Mr_Catz
Photographer
Mr_Catz
redbaron

Another point is to make sure that the lights on the background are just that and are not illuminating the subject at all. Otherwise you will never achieve what you are after. Its that old sod the inverse square rule in which every time you double the distance you half the lighting. This is why no matter how close the model is to the background it is always going to be a shade of grey if you rely on the light illuminating the model. Simply because it is getting less light it has to be darker, ie grey if the model is lit correctly. The only way of getting a true white background is to light it completely seperately to the subject and significantly more brightly. If power is limited then sort the background first. So to take your example set up the background lights at full power then adjust your camera settings so 'correct' exposure for the background is f16 (wihich actually gives a mid grey, hence the need for those extra stops) This may need a higher ISO than yo normally shoot but fine. Modern cameras should cope. Then you can set the camera at f8 and sort the light for the subject knowing the wall is blown and knowing that if anything you will need to turn the main light on the model down in power

I did have separate lights on the backdrop. And I knew that I model would need to be far enough away from the backdrop so as not to be affected by the light from it.

So yes my 1st attempt involved trying to light the backdrop separately....... my conclusion is that my lights must not have had enough power to do the job properly.

It was very frustrating for me having researched the subject for many weeks. I even got the appropriate sunglasses for the model. I did intend to get some red helium balloons, but unfortunately they were not delivered on time.

https://www.purestorm.com/image/1595482

Posted 3 weeks ago
Two_stops
Photographer
Two_stops

If you want to whiten the background in that particular image, you could mask out the model in photoshop and use a curves layer on the background. Ok for one shot but a pain if you have to do a complete set.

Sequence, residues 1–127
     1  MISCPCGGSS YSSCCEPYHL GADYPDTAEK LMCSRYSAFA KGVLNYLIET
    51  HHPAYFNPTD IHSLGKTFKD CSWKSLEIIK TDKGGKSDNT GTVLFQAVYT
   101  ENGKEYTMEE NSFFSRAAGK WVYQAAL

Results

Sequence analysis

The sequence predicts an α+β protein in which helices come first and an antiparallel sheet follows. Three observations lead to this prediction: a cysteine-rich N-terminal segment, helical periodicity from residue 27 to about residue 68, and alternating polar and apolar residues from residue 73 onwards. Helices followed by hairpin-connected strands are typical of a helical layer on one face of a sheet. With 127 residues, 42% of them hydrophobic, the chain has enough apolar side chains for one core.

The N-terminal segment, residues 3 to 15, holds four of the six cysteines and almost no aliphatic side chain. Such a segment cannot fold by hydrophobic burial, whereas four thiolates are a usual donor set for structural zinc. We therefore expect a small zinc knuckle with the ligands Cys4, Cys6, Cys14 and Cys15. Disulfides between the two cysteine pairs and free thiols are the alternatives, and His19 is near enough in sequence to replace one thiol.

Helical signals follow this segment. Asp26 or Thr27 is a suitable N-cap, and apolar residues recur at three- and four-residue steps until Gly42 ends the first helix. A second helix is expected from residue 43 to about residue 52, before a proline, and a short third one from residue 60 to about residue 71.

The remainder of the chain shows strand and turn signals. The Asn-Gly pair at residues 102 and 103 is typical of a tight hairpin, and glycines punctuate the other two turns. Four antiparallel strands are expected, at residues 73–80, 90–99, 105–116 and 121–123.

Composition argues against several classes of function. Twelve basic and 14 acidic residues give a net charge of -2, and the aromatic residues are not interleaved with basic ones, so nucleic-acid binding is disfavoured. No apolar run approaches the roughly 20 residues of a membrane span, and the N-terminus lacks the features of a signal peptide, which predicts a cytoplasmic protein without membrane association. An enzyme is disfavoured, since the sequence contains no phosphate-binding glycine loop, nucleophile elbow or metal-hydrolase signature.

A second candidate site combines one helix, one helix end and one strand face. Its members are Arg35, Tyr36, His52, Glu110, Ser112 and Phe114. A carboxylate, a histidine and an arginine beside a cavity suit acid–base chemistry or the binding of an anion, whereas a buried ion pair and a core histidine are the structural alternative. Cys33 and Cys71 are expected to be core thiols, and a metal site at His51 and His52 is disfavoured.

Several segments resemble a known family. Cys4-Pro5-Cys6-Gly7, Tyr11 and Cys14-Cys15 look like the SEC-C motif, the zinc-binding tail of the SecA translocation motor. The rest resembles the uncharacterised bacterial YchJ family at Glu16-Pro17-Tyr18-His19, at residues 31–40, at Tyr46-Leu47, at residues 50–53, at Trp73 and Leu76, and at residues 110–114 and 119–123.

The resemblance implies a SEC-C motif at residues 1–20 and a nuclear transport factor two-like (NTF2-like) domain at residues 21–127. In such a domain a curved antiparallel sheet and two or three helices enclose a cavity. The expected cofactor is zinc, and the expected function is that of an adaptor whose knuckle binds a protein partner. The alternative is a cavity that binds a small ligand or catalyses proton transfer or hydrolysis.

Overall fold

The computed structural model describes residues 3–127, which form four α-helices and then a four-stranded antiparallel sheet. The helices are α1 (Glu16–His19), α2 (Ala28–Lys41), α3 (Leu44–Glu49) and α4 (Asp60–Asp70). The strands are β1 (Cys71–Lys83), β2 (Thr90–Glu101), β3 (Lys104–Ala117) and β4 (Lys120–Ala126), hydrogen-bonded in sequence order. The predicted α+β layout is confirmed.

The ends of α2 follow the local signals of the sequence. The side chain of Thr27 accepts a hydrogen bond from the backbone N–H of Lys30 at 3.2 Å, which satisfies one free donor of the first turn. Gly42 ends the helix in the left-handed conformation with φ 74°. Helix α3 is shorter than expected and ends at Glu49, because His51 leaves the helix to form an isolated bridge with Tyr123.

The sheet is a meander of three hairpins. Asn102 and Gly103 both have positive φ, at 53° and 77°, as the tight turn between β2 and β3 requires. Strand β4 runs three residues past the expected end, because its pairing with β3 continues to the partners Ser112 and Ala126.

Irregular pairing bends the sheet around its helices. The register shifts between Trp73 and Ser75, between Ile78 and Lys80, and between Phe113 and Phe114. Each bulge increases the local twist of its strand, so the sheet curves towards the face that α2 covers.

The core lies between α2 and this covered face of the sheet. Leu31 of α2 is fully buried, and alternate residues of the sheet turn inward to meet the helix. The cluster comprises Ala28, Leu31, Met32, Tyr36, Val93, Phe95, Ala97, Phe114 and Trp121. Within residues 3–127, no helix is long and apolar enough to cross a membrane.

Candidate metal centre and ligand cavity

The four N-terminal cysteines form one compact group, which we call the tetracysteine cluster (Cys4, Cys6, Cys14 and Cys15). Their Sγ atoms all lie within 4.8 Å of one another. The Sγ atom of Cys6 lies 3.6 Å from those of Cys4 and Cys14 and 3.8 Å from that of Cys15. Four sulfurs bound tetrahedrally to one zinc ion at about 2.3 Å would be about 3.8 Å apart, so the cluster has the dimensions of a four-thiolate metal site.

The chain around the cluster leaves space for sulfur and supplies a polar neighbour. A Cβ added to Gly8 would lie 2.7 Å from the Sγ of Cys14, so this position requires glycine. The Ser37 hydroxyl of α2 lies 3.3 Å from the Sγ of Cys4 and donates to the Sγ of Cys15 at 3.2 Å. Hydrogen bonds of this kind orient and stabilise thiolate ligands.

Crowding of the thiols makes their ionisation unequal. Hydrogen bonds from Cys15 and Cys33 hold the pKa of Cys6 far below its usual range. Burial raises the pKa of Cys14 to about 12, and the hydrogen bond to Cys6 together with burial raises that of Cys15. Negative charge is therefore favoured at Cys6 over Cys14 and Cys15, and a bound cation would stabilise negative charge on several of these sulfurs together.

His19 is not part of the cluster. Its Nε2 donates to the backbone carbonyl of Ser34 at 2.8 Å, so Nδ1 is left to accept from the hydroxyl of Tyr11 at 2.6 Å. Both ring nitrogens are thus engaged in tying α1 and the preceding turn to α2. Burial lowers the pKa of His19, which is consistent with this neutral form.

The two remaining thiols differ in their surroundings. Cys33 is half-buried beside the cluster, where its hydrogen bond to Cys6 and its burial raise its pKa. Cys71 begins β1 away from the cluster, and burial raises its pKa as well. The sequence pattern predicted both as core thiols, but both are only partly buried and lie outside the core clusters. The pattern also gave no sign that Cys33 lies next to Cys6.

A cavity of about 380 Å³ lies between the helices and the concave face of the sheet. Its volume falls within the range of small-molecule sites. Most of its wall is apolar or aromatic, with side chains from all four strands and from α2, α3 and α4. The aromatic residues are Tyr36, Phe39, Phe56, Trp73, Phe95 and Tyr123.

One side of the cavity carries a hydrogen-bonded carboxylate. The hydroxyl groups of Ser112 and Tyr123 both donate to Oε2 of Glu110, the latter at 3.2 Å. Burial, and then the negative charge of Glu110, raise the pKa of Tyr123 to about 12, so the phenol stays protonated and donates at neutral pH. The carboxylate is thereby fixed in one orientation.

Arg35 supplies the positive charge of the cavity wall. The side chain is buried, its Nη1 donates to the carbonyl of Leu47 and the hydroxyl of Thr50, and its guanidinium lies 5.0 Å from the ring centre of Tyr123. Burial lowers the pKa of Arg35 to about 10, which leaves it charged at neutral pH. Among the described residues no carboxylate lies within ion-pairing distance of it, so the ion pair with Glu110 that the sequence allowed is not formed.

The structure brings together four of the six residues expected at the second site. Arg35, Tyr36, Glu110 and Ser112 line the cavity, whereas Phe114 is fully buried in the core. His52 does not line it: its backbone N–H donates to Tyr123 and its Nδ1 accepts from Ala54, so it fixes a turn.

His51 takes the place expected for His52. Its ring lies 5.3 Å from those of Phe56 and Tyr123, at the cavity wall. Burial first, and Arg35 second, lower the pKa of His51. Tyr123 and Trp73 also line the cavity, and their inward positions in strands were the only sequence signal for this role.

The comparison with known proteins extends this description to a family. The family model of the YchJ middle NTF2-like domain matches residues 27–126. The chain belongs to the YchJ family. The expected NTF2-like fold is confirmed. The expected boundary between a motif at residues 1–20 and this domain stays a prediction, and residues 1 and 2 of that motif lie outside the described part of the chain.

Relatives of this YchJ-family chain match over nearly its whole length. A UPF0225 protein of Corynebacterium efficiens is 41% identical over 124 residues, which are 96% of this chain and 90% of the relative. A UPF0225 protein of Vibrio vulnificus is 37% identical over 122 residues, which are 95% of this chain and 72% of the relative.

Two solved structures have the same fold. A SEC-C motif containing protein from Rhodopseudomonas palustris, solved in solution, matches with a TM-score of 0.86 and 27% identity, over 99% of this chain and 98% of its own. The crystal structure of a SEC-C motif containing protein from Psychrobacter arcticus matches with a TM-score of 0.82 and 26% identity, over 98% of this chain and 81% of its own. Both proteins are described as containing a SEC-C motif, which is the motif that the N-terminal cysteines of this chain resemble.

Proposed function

Posted 3 weeks ago
Mr_Catz
Photographer
Mr_Catz
Two_stops

If you want to whiten the background in that particular image, you could mask out the model in photoshop and use a curves layer on the background. Ok for one shot but a pain if you have to do a complete set.

 

Unfortunately I use Corel paint shop pro X8. I think on this editing software I have to do to the entire picture, and then go over the model to undo the effect on her.

 

Posted 3 weeks ago
blancho
Photographer
blancho

I dont think the power of the lights will have been the issue, it will have been the ratios used between lights and camera

 

Generally to get a background completely white all over without flare (as red baron said) preferably set up two lights at a height half as tall as your subject (or height of your frame) facing at a 45 deg angle to the centre of the background, normally about about 2 or 3 metres away. If you only have one light then it will have to go in the centre probably above the subject shooting 45 deg downwards but this may not be enough to get an even spread of light. The subject will also have to be far enough away from the background so as to not get flare or a white rim around them, normally 3 metres or more. 

 

Your image looks like you firstly only have one light on the background and secondly as you said hasnt enough power for what ever reason, either change your aperture eg,  f16 to f8 and  reduce the power of the main light, or change your iso 100 to 400 and then reduce the power of the main light. 

 

final check make sure your shutter speed isnt to high to sync with your flashes 

Posted 3 weeks ago
1
Mr_Catz
Mr_Catz
Photographer
Mr_Catz

I was going by this video tutorial - https://www.youtube.com/watch?v=tFF2dOXyNuM&t=11s

The 1st thing that I noticed was that his ISO was 200, whereas mine was only 100. I obviously didn't pay enother attention. 

Posted 3 weeks ago
blancho
Photographer
blancho

Its not about the iso your on its about the ratios between the different elements, 

however if the shot you posted was just one light directly behind her head youve done something worng to get such an uneven background, maybe the shutter speed was to high? as well as the light being underexposed

Posted 3 weeks ago
Mr_Catz
Photographer
Mr_Catz
blancho

Its not about the iso your on its about the ratios between the different elements, 

however if the shot you posted was just one light directly behind her head youve done something worng to get such an uneven background, maybe the shutter speed was to high? as well as the light being underexposed

It may not be entirely about the ISO but that did not help.

On the shot I have posted there is no light at all behind the model. That was my plan B – two strobe lights with soft boxes only.

Posted 3 weeks ago